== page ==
The rise of al-Qaeda in the late 1990s brought the issue of assassination back to the fore. The 9/11 Commission report revealed that the Clinton administration had authorised several kill or capture operations against Osama Bin Laden. The operations never went ahead but US officials agreed that if Bin Laden had been killed in one of them, it would not have amounted to an assassination. He was a terrorist leader, they reasoned, and the US would have been acting in self-defence against him.
The waters were muddied further after 9/11. George W Bush gave the CIA authority to target terrorists abroad (including American citizens). The Authorisation for the Use of Military Force passed by Congress also made clear that the US could now target “persons,” that is, conduct premeditated strikes against individual targets.
The Obama administration has dramatically increased the number of operations against suspected terrorists, especially through drone strikes. The alleged imminence of the threat posed by terrorists still plays a key role in the justification used for these operations.
Where are we now?
So, while Executive Order 12333 prohibits any form of assassination, a series of targets has been identified as permissible. Several operations (such as those described above) have been defined as legal, regardless of how close they have come to the commonsense understanding of assassination. What started as a black-and-white distinction soon developed into an endless series of qualifications and exceptions.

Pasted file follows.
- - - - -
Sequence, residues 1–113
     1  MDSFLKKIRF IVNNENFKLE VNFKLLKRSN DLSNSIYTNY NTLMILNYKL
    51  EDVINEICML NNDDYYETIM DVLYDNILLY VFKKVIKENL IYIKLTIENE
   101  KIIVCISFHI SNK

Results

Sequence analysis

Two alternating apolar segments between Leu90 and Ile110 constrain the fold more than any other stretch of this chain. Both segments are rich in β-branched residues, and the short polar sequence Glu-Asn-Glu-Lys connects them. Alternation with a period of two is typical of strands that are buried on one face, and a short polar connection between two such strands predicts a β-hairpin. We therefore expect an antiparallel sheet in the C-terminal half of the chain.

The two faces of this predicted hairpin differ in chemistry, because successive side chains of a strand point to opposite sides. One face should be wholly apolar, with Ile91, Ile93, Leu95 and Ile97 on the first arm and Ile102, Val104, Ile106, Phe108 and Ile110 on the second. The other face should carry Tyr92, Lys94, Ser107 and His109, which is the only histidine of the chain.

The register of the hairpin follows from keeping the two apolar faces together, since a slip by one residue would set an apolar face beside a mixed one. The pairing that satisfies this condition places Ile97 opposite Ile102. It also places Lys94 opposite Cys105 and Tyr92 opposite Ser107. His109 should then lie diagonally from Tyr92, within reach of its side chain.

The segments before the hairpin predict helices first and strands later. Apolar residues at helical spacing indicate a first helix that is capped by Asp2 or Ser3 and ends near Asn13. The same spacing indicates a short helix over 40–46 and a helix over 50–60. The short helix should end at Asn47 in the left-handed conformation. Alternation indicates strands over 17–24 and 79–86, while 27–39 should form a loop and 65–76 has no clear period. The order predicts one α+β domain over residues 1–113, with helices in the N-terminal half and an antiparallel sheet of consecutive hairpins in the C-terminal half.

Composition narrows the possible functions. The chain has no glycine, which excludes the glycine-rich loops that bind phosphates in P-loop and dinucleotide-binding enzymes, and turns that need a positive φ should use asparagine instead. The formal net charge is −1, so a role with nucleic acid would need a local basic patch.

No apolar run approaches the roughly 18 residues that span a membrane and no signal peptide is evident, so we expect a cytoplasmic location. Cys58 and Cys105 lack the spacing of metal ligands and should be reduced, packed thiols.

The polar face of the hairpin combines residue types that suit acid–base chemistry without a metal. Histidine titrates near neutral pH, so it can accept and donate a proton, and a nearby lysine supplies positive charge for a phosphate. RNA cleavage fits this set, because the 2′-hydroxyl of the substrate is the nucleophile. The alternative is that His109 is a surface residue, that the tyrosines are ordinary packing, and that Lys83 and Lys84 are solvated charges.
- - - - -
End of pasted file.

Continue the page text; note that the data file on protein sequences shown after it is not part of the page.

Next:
In this context, two main interpretations can be identified. If we interpret the order as being a ban on killing outside war, its erosion is almost complete. However, it could be argued that the order only aimed to prevent the type of stealth assassination conducted in the 1960s – operations using explosive shells, poisoned darts and other devices, like those conducted against Castro and Lumumba. In this second interpretation, the order has stood the test of time, but its applicability is so narrow as to be, perhaps, meaningless.
Still, the fact that the Obama administration has been hard pressed to explain why its policies – and even its aggressive drone campaign – do not constitute a violation of the ban might suggest that it prefers to assume the second interpretation over the first.
This article first appeared on The Conversation.